Art is Life: Tim Hawkinson at Blum & Poe

I first saw a major Tim Hawkinson exhibition at the Whitney in 2005. The exhibition traced Hawkinson’s steady evolution in meticulously detailed drawings, minute constructions, inflated latex casts, and uncanny mechanical contraptions. Here, I discovered that Tim Hawkinson’s large-scale kinetic and sound producing sculptures made from everyday materials conjure a “world that teeters on the cusp between real and unreal” exemplifying the “profound strangeness of life, matter and time” as stated by curator Lawrence Rinder. You can see why, I couldn’t pass up the opportunity to see what Mr. Hawkinson is creating these days, in his latest exhibition at Blum & Poe.

It is apparent after viewing a couple Hawkinson exhibitions that the subject of his work is often his own body, which he inflates, measures, weighs, reflects, and animates. Rather than creating conventional self-portraits, Hawkinson uses his own physical form as a starting point for investigations into material perception. In, Bike (2010), Hawkinson takes large self-portrait photos printed in the negative and collages them together to resemble a fleshy and precarious motorcycle. He reconfigures his body so that the arms become handle bars, legs the spokes, and fingers multiplied and braided together to become tires. Eerie structural correspondences and analogous traits between the body’s composition, its locomotion, its internal cycles, and mass-produced two-wheeled motor vehicles give way to a sense of the self.

completely hilarious: the woman’s dog is a marionette puppet

Hawkinson uses found objects, handcrafted materials and machines to create idiosyncratic works that are intensely personal yet seemingly scientific in the rigorousness of their process. Orrery (2010), a towering eight-foot tall kinetic sculpture of a woman at a spinning wheel atop a platform that is itself made up of a series of rotating concentric circles depicting tire treads. A sculptural collage of mundane materials: plastic bottles, ink-jet prints, twine, string, wire, foam, springs, tape, lead and steel, making Orrery, lends itself to the do-it-yourself aesthetic, ubiquitous in contemporary art. The use of everyday materials in Orrery, endows its with a mysterious sense of familiarity and accessibility.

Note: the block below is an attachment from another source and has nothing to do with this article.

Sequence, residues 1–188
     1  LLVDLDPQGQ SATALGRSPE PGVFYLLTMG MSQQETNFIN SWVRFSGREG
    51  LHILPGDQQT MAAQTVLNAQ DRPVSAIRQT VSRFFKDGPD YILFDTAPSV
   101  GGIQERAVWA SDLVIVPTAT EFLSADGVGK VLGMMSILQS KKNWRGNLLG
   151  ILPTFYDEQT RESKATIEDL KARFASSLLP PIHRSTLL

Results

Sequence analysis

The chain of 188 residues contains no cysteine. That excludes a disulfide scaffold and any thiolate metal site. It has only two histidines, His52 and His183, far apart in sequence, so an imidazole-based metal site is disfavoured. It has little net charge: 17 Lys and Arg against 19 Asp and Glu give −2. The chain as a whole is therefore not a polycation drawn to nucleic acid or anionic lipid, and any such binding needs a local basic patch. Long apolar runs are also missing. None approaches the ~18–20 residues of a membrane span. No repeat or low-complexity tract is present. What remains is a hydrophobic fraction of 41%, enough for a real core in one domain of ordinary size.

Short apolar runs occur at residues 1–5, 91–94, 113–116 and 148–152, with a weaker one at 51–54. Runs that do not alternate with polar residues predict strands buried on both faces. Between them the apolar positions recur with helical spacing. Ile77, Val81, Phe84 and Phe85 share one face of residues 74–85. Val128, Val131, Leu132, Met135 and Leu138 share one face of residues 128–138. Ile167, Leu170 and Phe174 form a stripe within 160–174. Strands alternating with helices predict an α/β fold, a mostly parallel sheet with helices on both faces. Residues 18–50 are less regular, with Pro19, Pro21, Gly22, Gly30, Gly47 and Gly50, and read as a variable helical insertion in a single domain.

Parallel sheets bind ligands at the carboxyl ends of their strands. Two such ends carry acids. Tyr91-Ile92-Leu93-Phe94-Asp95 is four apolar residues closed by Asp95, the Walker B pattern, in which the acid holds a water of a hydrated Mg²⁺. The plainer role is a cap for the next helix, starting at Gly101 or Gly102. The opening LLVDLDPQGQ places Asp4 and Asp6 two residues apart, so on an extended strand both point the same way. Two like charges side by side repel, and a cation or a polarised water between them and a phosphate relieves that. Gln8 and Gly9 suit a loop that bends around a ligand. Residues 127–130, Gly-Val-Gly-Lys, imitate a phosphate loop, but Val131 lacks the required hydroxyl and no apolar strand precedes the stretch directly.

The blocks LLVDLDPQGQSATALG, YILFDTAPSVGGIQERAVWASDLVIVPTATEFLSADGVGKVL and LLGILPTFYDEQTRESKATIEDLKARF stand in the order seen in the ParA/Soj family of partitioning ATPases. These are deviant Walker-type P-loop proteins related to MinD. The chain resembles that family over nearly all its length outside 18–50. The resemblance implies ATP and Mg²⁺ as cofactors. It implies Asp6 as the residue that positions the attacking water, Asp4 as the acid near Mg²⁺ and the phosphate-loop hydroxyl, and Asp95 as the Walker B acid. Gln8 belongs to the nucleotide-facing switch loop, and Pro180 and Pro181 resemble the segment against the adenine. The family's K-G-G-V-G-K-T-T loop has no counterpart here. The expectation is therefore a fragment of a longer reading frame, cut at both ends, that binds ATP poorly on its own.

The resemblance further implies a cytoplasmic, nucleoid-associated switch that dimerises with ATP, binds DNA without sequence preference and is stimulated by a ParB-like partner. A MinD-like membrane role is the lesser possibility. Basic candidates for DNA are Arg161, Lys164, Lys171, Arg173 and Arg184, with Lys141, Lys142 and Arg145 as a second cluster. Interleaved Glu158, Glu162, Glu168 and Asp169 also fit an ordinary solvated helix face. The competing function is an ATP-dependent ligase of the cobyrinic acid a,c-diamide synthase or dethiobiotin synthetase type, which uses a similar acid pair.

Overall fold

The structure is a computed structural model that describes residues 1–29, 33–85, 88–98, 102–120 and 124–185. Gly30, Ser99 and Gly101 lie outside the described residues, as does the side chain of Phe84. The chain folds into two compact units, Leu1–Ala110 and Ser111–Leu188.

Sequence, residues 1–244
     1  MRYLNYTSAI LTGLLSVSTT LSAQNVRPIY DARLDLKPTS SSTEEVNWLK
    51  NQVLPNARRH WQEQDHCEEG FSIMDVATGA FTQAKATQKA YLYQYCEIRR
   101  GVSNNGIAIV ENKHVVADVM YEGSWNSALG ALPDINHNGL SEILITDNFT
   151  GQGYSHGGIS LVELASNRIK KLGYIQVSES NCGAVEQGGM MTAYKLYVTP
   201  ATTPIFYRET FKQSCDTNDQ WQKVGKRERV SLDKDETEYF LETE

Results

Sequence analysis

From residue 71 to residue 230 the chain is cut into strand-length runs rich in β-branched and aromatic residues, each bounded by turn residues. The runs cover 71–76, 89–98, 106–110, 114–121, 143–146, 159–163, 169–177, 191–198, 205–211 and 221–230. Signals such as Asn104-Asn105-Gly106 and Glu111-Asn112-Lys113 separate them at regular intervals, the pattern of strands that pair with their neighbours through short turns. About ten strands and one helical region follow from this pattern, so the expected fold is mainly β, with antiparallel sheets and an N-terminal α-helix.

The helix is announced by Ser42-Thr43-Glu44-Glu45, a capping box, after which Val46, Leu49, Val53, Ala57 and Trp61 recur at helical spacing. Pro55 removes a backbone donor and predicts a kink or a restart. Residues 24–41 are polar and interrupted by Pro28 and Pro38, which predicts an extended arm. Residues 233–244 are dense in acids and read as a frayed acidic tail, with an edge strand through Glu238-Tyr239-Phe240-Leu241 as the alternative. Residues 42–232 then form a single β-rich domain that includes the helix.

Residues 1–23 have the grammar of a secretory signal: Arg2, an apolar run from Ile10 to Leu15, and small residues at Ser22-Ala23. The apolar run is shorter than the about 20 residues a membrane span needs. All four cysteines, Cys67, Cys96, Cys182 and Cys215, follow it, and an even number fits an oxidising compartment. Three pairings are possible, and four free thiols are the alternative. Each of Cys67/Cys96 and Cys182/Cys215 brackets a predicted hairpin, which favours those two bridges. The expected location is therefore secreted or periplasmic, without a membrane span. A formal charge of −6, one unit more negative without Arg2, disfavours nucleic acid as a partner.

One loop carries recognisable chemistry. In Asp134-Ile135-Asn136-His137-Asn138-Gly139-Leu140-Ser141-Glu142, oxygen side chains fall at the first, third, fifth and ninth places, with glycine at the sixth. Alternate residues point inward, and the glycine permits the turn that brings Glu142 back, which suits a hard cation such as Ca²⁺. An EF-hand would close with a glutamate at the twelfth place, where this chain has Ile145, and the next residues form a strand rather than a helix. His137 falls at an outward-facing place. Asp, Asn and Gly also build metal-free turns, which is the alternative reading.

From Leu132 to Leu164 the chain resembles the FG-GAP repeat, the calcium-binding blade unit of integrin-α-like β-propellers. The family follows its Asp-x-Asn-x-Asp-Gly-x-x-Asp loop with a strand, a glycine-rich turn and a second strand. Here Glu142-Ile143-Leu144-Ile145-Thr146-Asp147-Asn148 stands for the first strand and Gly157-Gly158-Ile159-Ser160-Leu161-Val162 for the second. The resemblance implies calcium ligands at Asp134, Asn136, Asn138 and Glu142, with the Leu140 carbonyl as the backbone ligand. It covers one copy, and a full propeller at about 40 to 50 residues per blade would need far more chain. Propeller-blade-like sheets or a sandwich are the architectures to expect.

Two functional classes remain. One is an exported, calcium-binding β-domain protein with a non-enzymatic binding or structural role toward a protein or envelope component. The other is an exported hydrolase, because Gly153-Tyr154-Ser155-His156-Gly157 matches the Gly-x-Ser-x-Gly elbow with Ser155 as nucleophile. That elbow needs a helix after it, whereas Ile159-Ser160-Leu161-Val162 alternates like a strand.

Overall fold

all photographs © Juan Madrigal

Hawkinson’s work bares striking similarities to his contemporaries, Tom Friedman and Tara Donovan, both of whom share his obsessive craftsmanship and use of common materials. However, what distinguishes Hawkinson’s art from his peers is his mechanical sculpture, capable of producing music, words and expressions. Hawkinson belongs to a group of avant-garde artists that use everything from, toe nails, bottles, old socks, tooth picks, shopping bags, to lead and steel blurring the line between art and life, to make it fluid, and even indistinct.  They believe “art is life,” Allan Kaprow.

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